View all newsletters
Receive our newsletter - data, insights and analysis delivered to you
  1. Technology
  2. Software
December 19, 2014

World’s ‘fastest wireless network’ to arrive in Lancaster

Scientists are paving the way for the fastest performing Internet at affordable costs.

By Amy-Jo Crowley

The first millimetre wave (W-band) wireless network system, said to be the ‘world’s fastest’, is being tested at Lancaster University, paving the way for high-speed Internet at affordable costs.

Scientists are set to expand the boundaries of millimetre wave communication, which uses "extremely high frequencies" to transmit data, as part of a £2.8m project.

Millimetre waves, found in the spectrum between microwaves and infrared waves, are considered the most promising and cheapest solution for future communication networks to secure high-speed wireless mobile and fixed point Internet.

The university will also examine recent advances in the field of vacuum electronics and solid state electronics using millimetre wave frequencies.

The TWEETHER project, funded by the EU’s Horizon’s 2020 research framework, comes following increased demand for mobile data, which has placed unprecedented strain on networks. This has been seen especially in residential and rural areas where optical fibre, often slow and expensive, is not available.

Lancaster University’s Professor of Electronics Claudio Paoloni said: "The enormous flux of data transferred via wireless networks, increasing at a super-high pace, makes today’s state-of-the-art networks quickly outdated."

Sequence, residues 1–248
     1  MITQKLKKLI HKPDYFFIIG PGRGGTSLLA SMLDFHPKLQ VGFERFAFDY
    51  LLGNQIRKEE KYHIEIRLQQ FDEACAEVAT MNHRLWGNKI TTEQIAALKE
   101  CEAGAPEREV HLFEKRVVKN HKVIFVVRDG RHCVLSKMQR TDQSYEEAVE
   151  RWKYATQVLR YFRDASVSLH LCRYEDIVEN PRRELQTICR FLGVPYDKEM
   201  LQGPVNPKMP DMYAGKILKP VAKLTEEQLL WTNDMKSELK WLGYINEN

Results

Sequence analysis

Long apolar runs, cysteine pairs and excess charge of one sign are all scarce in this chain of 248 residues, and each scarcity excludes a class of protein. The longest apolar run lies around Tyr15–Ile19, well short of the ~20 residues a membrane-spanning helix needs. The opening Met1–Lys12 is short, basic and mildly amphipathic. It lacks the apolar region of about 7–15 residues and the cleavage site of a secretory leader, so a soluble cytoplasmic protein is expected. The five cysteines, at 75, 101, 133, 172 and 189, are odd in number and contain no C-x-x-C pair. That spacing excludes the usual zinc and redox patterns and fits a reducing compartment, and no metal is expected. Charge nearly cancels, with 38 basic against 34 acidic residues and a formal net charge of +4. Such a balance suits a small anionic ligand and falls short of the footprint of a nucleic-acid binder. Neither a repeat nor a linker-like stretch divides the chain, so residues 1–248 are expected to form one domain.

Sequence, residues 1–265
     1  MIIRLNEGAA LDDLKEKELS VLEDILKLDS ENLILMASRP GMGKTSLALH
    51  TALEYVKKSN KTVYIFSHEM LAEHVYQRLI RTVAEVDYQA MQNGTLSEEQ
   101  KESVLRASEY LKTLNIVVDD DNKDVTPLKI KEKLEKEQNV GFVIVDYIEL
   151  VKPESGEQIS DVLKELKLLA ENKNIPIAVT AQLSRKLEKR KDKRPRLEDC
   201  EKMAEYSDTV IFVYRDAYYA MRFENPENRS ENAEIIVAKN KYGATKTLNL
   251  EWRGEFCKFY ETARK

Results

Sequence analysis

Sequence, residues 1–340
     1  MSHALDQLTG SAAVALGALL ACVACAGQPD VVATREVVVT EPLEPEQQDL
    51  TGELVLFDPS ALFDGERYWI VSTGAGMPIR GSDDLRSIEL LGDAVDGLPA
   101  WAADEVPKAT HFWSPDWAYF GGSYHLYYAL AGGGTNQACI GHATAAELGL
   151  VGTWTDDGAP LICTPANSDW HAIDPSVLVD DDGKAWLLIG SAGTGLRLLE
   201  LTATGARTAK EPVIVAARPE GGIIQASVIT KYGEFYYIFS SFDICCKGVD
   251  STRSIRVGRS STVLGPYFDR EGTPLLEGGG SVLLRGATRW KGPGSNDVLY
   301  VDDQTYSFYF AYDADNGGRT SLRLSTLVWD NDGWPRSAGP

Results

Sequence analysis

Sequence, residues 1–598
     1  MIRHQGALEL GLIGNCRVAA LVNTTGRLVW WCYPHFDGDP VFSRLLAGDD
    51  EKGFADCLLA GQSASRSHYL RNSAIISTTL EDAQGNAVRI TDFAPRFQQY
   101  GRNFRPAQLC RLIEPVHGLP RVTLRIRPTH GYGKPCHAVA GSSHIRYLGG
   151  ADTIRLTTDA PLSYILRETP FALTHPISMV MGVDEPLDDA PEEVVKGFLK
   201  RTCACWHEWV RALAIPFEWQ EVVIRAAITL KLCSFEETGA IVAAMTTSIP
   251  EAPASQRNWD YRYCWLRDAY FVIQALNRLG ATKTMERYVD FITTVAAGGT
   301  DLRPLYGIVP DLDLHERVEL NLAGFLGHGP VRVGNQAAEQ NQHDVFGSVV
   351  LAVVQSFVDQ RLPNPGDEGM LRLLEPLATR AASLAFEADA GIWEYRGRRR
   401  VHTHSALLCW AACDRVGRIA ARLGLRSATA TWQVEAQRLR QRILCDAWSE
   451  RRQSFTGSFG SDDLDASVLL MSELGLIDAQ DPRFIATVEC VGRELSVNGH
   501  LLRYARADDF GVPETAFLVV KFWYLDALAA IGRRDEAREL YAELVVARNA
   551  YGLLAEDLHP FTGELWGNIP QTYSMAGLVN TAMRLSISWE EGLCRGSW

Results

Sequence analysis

"The huge spread of portable smart phone, tablets and the increasing demand of services hungry for data, such as high definition TV, videoconferencing and online games, are posing formidable challenges with the congestion of the available spectrum and the limits of present technology."

Content from our partners
Why the tech sector must embrace faster, smarter talent recruitment
Sherif Tawfik: The Middle East and Africa are ready to lead on the climate
What to look for in a modern ERP system

A t the end of the three-year project, the scientists are hoping to build a "powerful and compact transmission hub with "unprecedented performance".

Topics in this article :
Websites in our network
Select and enter your corporate email address Tech Monitor's research, insight and analysis examines the frontiers of digital transformation to help tech leaders navigate the future. Our Changelog newsletter delivers our best work to your inbox every week.
  • CIO
  • CTO
  • CISO
  • CSO
  • CFO
  • CDO
  • CEO
  • Architect Founder
  • MD
  • Director
  • Manager
  • Other
Visit our privacy policy for more information about our services, how New Statesman Media Group may use, process and share your personal data, including information on your rights in respect of your personal data and how you can unsubscribe from future marketing communications. Our services are intended for corporate subscribers and you warrant that the email address submitted is your corporate email address.